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The Success of PEPFAR

Article by Margaret Spellings December 19, 2013 //   2 minute read

In case you missed it this week, NPR ran a story, "How The U.S. Helped Fight The Global AIDS Epidemic," reporting on the effectiveness of President George W. Bush's global health initiative to stem the HIV pandemic. PEPFAR (the President's Emergency Plan for AIDS Relief) was announced by President Bush in his 2003 State of the Union speech, and he signed it into law by the end of that year. The program - which designated $15 billion over five years to fight HIV in developing countries - was unprecedented at the time and has had a stunning success rate. The government recently announced that nearly 10 million people around the world now have access to antiviral drugs, and treatment for two-thirds of these people is directly supported by PEPFAR. Funding by PEPFAR to treat HIV-positive mothers has prevented 740,000 infants from getting infected with the virus.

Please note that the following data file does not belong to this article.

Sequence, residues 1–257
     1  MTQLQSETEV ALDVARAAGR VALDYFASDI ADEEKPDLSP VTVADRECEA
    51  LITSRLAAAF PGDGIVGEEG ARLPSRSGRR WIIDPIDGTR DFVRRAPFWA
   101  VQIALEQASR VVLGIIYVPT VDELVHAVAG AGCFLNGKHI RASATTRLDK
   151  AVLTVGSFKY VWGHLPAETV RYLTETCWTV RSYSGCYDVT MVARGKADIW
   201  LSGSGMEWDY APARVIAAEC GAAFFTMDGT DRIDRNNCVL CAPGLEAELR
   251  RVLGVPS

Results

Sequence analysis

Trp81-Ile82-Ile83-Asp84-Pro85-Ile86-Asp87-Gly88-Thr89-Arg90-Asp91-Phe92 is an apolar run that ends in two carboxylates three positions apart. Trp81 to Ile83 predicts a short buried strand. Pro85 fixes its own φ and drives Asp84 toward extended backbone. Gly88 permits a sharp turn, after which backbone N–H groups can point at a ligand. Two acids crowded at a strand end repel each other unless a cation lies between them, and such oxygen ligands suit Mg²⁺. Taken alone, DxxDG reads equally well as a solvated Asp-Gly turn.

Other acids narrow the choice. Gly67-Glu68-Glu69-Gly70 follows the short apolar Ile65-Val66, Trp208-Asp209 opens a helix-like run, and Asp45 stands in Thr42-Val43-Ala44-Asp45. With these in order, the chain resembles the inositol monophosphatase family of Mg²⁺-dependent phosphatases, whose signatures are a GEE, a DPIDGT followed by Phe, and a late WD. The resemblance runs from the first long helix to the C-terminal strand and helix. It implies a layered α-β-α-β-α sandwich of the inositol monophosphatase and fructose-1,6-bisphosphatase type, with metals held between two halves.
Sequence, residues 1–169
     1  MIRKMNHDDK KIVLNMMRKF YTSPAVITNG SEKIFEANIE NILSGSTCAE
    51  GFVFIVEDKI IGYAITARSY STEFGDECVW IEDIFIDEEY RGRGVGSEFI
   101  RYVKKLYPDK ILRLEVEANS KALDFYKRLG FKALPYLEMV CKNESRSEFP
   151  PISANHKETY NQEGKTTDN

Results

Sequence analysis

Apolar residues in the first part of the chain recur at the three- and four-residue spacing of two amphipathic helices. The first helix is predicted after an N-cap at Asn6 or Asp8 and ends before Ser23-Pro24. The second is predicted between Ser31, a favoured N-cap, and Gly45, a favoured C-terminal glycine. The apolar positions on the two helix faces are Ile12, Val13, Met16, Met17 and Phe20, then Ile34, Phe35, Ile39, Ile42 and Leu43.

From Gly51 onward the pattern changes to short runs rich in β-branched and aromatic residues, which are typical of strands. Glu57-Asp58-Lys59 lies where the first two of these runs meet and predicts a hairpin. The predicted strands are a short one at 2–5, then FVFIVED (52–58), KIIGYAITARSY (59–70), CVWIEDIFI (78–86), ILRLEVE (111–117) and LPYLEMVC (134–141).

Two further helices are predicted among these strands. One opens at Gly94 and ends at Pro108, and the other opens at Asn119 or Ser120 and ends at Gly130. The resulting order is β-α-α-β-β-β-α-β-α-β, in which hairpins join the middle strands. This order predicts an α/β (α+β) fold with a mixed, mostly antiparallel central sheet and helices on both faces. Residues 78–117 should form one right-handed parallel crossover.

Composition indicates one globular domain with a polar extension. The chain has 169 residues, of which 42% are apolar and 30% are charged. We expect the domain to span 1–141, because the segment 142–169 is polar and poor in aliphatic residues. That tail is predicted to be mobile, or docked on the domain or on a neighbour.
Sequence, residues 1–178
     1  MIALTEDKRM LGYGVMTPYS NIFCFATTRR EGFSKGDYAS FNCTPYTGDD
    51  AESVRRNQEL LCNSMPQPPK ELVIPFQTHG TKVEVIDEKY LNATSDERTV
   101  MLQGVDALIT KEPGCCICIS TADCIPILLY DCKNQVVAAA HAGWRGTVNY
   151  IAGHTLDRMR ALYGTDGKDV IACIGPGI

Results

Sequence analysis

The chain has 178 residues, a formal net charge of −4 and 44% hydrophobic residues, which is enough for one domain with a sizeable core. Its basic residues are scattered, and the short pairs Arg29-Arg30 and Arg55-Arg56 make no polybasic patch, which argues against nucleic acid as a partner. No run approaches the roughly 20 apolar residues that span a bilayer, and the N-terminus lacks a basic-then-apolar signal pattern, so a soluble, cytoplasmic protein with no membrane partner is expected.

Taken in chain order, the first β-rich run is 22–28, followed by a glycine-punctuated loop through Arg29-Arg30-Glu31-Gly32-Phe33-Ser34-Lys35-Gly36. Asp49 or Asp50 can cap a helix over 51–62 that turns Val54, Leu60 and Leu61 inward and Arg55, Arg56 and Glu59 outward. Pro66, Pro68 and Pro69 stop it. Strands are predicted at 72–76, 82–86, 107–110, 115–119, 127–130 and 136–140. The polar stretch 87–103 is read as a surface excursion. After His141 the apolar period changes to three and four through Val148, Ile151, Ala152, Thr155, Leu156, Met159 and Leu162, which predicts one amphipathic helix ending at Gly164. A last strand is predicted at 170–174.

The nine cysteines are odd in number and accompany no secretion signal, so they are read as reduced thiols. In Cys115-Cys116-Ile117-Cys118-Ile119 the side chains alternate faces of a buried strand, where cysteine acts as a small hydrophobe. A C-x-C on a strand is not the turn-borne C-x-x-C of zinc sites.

President and Mrs. Bush believe that every human life is precious, and that to whom much is given, much is required. They continue their work inspired by this principle at the Bush Institute through the Global Health initiative’s Pink Ribbon Red Ribbon, which provides cervical and breast cancer testing and treatment for women in developing countries so that they may live full, healthy lives.

Margaret Spellings is the president of the George W. Bush Foundation and former U.S. Secretary of Education in the Bush Administration.

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